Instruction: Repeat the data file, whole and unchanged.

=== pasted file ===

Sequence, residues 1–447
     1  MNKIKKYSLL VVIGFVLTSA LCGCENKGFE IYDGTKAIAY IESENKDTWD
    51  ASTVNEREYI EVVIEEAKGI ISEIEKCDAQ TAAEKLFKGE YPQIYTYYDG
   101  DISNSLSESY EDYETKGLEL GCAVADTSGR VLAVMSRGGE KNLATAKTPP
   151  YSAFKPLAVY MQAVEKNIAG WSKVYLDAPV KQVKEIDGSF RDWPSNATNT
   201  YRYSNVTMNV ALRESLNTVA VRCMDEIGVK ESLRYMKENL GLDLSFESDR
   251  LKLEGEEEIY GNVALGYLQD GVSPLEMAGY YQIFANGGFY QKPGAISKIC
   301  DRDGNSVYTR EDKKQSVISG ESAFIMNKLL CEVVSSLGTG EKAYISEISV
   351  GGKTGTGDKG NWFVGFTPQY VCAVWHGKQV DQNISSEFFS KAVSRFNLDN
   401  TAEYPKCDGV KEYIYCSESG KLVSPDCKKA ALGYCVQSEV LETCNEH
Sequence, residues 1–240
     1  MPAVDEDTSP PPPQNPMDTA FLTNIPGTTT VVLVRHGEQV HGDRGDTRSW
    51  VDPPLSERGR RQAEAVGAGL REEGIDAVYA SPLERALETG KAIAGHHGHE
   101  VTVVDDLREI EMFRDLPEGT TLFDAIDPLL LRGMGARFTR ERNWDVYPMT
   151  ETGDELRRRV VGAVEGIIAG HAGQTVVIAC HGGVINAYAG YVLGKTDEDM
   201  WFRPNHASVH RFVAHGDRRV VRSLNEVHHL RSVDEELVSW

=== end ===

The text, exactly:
Sequence, residues 1–447
     1  MNKIKKYSLL VVIGFVLTSA LCGCENKGFE IYDGTKAIAY IESENKDTWD
    51  ASTVNEREYI EVVIEEAKGI ISEIEKCDAQ TAAEKLFKGE YPQIYTYYDG
   101  DISNSLSESY EDYETKGLEL GCAVADTSGR VLAVMSRGGE KNLATAKTPP
   151  YSAFKPLAVY MQAVEKNIAG WSKVYLDAPV KQVKEIDGSF RDWPSNATNT
   201  YRYSNVTMNV ALRESLNTVA VRCMDEIGVK ESLRYMKENL GLDLSFESDR
   251  LKLEGEEEIY GNVALGYLQD GVSPLEMAGY YQIFANGGFY QKPGAISKIC
   301  DRDGNSVYTR EDKKQSVISG ESAFIMNKLL CEVVSSLGTG EKAYISEISV
   351  GGKTGTGDKG NWFVGFTPQY VCAVWHGKQV DQNISSEFFS KAVSRFNLDN
   401  TAEYPKCDGV KEYIYCSESG KLVSPDCKKA ALGYCVQSEV LETCNEH
Sequence, residues 1–240
     1  MPAVDEDTSP PPPQNPMDTA FLTNIPGTTT VVLVRHGEQV HGDRGDTRSW
    51  VDPPLSERGR RQAEAVGAGL REEGIDAVYA SPLERALETG KAIAGHHGHE
   101  VTVVDDLREI EMFRDLPEGT TLFDAIDPLL LRGMGARFTR ERNWDVYPMT
   151  ETGDELRRRV VGAVEGIIAG HAGQTVVIAC HGGVINAYAG YVLGKTDEDM
   201  WFRPNHASVH RFVAHGDRRV VRSLNEVHHL RSVDEELVSW